At church with meek and unaffected grace,
His looks adorn'd the venerable place;
Truth from his lips prevail'd with double sway,
And fools, who came to scoff, remain'd to pray.
YE tradeful merchants, that with weary toil,
Do seek most precious things to make your gain,
And both the Indies of their treasures spoil,
What needeth you to seek so far in vain?
For lo! my love doth in herself contain
All this world's riches, that may far be found. If sapphires, lo! her eyes be sapphires plain;
If rubies, lo! her lips be rubies round;
If pearls, her teeth be pearls both pure and sound;
If ivory, her forehead ivory ween;
If gold, her locks are finest gold on ground;
If silver, her fair hands are silver sheen;
But that which fairest is but few behold,
Her mind adorn'd with virtues manifold.
I never saw
Such precious deeds in one that promised nought But beggary and poor luck.
PREFERMENT. PRELUDE. PREROGATIVE. 505
'Tis the curse of service,
Preferment goes by letter and affection,
Not by the old gradations, when each second
Stood heir to the first.
That springs from sin and lust, shoots quickly up, As gardeners' crops do in the rottenest ground.
When knaves come to preferment, they rise as
Gallows are raised in the low countries, one
Upon another's shoulders.
A lively prelude fashioning the way
In which the voice shall wander.
EITHER Songster, holding out their throats,
And folding up their wings, renewed their notes,
As if all day, preluding to the fight,
They only had rehearsed, to sing by night.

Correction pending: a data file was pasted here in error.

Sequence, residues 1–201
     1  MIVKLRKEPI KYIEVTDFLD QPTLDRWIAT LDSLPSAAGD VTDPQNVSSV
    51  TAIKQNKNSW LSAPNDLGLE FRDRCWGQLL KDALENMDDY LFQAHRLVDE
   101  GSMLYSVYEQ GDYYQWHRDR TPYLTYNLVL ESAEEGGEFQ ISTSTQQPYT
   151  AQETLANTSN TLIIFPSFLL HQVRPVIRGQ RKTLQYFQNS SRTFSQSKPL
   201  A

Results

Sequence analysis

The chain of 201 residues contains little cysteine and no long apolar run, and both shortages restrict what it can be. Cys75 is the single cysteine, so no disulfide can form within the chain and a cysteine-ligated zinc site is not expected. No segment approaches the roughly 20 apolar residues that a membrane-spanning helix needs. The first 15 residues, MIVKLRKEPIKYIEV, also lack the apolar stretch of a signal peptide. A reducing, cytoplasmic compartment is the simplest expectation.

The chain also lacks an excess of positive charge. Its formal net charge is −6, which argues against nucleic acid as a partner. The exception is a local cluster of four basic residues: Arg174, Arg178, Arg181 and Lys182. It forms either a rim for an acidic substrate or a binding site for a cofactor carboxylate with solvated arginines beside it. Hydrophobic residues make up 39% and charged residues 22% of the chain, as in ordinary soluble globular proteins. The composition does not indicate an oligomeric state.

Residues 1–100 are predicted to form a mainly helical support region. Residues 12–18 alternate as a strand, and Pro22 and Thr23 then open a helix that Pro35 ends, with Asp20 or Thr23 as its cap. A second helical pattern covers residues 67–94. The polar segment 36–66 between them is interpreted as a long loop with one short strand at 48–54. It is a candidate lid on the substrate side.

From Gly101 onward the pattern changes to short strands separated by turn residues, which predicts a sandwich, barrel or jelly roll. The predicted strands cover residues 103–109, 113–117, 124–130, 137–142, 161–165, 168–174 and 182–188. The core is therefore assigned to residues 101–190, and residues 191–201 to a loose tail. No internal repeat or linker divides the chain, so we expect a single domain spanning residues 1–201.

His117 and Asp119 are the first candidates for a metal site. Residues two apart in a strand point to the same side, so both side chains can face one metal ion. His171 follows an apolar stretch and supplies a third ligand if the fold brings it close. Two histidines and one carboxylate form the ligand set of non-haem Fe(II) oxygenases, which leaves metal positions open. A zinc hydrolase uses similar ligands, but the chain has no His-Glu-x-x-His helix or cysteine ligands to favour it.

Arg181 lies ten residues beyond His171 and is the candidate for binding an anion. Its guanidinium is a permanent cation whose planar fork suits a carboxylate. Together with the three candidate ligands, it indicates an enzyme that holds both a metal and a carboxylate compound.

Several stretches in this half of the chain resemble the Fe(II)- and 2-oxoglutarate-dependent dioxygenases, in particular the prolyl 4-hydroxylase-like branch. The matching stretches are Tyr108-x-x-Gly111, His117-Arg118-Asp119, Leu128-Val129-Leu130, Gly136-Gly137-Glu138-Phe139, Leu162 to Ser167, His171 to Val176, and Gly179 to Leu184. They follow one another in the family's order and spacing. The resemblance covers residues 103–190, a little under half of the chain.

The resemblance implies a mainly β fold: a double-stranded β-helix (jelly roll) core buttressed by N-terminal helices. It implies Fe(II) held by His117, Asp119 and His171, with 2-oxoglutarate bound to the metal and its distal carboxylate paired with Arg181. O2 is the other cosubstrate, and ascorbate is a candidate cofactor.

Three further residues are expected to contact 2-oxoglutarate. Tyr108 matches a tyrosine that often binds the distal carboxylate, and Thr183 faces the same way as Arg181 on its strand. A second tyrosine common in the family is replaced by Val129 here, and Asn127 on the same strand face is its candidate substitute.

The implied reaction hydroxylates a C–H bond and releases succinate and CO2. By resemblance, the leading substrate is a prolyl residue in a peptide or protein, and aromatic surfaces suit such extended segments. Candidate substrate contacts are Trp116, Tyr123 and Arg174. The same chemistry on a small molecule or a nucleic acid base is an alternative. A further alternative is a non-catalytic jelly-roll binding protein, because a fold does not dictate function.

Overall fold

How could communities,
The primogeniture and due of birth,
Prerogative of age, sceptres, and crowns,
But by degree stand in authentic place.-Shakspere.
For freedom still maintained alone, Freedom, an English subject's sole prerogative, Accept our pious praise.
Let him maintain his power, but not increase it;
The strong prerogative when strained too high,
Cracks like the tortured chord of harmony,
And spoils the concert between king and subject.
FREEDOM was first bestowed on human race,
And prescience only held the second place.-Dryden.
Before Thy prescience, Power Divine!
What is this idle sense of mine?
What all the learning of the schools?
What sages, priests, and pedants? fools!
The world is Thine, from Thee it rose,
By Thee it ebbs, by Thee it flows.
Hence, worldly lore! By whom is wisdom shown?
The Eternal knows, knows all, and he alone.
From the Persian of Omar Khiam.
THE presence of a King engenders love
Amongst his subjects and his loyal friends,
As it disanimates his enemies.
Thou with eternal wisdom didst converse,
Wisdom, thy sister, and with her didst play
In presence of the Almighty Father, pleased
With thy celestial song.
I do not doubt his love, but I could wish
His presence might confirm it: when I see
A fire well fed, shoot up its wanton flame,
And dart itself into the face of heaven,
I grant that fire, without a fresh supply,
May for a while be still a fire; but yet
How doth its lustre languish, and itself
Grow dark, if it too long want the embrace
Of its loved pyle! how straight it buried lies
In its own ruins!
Yes, Thou art ever present, Power Divine!
Not circumscrib'd by time, nor fix'd to space,
Confin'd to altars, nor to temples bound.
In wealth, in want, in freedom, or in chains,
In dungeons, or on thrones, the faithful find Thee.